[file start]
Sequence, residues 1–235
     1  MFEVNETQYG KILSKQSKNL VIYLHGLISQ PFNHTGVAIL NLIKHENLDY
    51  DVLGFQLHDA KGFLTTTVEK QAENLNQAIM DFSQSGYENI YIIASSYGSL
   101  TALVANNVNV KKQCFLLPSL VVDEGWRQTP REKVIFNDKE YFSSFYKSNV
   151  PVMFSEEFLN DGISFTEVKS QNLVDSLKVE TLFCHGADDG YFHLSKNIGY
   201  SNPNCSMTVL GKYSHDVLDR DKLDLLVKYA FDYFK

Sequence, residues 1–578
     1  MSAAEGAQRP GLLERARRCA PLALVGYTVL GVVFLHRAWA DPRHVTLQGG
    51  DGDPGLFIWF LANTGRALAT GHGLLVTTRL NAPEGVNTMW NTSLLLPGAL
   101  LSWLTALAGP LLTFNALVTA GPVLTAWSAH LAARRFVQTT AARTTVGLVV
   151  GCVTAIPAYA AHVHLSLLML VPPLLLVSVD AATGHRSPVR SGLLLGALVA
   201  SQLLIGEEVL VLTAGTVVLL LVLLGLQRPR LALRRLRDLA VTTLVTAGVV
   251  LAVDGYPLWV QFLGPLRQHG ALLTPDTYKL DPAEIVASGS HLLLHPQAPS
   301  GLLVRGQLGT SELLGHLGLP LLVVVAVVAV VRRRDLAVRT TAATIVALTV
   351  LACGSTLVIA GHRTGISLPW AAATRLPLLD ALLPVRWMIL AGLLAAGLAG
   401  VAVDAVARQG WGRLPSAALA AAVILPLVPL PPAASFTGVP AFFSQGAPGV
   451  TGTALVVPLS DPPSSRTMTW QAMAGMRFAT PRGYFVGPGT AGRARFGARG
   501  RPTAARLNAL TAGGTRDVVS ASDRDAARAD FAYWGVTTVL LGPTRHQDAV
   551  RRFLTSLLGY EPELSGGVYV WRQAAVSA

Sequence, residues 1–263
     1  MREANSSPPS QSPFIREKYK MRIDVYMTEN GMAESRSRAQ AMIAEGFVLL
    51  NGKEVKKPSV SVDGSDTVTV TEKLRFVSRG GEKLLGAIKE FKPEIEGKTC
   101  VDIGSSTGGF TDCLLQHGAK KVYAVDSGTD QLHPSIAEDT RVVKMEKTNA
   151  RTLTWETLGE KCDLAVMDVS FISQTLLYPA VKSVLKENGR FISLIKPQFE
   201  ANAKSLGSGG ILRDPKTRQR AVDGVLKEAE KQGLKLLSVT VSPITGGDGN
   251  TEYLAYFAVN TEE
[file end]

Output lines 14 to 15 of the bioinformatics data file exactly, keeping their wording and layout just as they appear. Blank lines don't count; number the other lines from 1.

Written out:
   301  GLLVRGQLGT SELLGHLGLP LLVVVAVVAV VRRRDLAVRT TAATIVALTV
   351  LACGSTLVIA GHRTGISLPW AAATRLPLLD ALLPVRWMIL AGLLAAGLAG